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Journey of the Daggers (The Complete 2012 Trilogy)

Creation Daggers
More than five thousand years ago, the Fifth Age of the World began. The ancient Maya called this the Great Cycle, and within it came the creation of the five constructs that would, when the Cycle ended, determine the future of the Earth. Symbolizing the five creations were the Creation Daggers that had been forged from the forces that remained at the end of the Fourth Age (along with the Cubit, the Book of the Djed and the Djed Amulet). The Creation Daggers’ existence foretold the hope and chaos that would quickly challenge the planet. The power of just one dagger was so great that all five were separated and sent to the farthest parts of every continent, above the land and below, in places that could never be found, since, to have them together in a singular moment would certainly jeopardize the existence of all things.

Each of the daggers represents one of the Creations that are recorded for all time in the Book of the Djed. Each dagger bares a five-pointed star in its haft with a red jade occupying one of the five triangular points. The unique location of the jade defines the dagger. In order of appearance in the five thousand year Great Cycle are:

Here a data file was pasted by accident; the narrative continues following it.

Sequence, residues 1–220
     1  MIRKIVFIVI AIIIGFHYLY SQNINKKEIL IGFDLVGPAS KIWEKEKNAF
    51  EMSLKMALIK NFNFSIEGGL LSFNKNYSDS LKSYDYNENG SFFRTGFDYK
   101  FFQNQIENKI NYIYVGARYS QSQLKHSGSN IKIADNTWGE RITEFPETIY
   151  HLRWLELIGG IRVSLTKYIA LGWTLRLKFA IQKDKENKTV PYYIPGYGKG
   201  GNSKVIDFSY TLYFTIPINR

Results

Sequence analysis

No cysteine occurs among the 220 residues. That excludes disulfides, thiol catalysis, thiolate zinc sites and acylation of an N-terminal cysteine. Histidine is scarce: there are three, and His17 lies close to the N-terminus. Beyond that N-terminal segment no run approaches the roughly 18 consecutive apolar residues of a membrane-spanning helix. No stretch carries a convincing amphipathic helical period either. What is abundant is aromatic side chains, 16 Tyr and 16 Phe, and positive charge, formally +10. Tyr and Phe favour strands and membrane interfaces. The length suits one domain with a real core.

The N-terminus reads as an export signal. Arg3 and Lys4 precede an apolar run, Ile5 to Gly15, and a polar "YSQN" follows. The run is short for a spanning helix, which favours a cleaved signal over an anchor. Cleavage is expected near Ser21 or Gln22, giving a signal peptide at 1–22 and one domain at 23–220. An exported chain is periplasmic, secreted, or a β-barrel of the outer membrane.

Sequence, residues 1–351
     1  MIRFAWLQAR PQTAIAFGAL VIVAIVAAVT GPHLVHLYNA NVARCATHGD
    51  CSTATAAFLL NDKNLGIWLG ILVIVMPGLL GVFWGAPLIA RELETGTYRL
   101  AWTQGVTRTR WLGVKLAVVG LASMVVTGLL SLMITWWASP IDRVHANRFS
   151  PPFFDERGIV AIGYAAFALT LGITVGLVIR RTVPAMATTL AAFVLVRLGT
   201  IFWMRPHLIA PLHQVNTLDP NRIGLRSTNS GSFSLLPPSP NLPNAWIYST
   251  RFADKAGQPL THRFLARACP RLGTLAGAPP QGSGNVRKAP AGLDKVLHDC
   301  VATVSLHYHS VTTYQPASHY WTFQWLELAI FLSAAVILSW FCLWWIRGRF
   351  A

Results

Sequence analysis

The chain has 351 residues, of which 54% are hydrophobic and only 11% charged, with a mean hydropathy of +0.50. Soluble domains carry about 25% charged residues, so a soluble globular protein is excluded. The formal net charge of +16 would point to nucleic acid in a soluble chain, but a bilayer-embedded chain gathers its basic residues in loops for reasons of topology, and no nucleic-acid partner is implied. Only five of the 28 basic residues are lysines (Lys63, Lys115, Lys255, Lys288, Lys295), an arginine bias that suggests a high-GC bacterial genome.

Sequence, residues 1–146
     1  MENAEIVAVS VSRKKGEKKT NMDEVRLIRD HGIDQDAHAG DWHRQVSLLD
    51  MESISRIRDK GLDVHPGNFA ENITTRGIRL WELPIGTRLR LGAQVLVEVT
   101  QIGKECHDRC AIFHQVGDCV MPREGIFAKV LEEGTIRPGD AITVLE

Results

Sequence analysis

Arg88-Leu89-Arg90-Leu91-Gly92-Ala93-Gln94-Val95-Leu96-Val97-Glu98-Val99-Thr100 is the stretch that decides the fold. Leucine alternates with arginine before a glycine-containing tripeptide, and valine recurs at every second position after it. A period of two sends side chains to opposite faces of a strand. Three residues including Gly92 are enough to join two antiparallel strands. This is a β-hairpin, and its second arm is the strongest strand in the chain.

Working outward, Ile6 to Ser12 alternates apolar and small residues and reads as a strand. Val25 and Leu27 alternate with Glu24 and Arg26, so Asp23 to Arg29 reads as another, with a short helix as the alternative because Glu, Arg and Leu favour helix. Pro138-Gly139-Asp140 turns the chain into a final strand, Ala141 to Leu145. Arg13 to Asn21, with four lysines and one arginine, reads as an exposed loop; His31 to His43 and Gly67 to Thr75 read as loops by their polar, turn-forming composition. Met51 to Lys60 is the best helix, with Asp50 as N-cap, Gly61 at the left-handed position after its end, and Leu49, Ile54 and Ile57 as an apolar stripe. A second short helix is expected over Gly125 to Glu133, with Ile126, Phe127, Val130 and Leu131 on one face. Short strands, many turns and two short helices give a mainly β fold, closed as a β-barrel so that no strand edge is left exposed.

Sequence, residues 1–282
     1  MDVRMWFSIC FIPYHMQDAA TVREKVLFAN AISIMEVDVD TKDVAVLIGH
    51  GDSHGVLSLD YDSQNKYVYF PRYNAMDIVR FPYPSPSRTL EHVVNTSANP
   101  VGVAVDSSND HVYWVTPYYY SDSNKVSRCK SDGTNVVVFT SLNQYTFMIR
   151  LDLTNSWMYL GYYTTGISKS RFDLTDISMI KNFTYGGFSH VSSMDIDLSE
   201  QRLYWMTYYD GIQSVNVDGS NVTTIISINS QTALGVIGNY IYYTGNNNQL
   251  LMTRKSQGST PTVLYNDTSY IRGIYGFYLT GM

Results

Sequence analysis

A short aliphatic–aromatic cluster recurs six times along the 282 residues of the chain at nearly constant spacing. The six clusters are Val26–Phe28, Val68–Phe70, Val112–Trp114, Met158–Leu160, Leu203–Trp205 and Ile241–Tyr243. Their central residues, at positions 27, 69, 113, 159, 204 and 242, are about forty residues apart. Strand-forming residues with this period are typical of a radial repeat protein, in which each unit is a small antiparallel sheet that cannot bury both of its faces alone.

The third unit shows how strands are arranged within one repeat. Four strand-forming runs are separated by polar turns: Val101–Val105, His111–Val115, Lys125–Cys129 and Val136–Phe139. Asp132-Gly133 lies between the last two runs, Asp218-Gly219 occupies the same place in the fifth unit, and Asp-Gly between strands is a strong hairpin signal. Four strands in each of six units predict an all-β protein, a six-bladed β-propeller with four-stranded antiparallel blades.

1. The Creation of Good and Evil
  2. The Creation of Man
  3. The Creation of Religion
  4. The Creation of the Antichrist
  5. The Creation of the End

The daggers are strong. They are indestructible. They can take life or help it. It all depends on the one who bears the responsibility.

The year is 2007 and the first of the daggers (The Creation of the Antichrist) reappears in the hands of a man racing from the police on a lonely stretch of Kansas farmland. He has stolen it from the security of its altar buried deep in the ground. With it, he believes can kill anything that gets in his way of keeping the Cubit out of the hands of those he knows will end the world.

A description of a Creation Dagger from The Cubit (2008)

When [he] gave the dagger to her she studied the haft’s smooth, white surface. The top and  bottom of the haft were fatter than the middle and were capped in gold. It was chiseled in such a way that it had five sides. A star embellished one of the sides just above the blade which curved seven inches in length to its very thin point; glistening in the living room’s lamplight, it revealed no imperfections. [She] cupped the dagger in her hand but felt none of what [he] had described as electricity. She waved it through the air a few times, first overhand then underhand not knowing why she did so.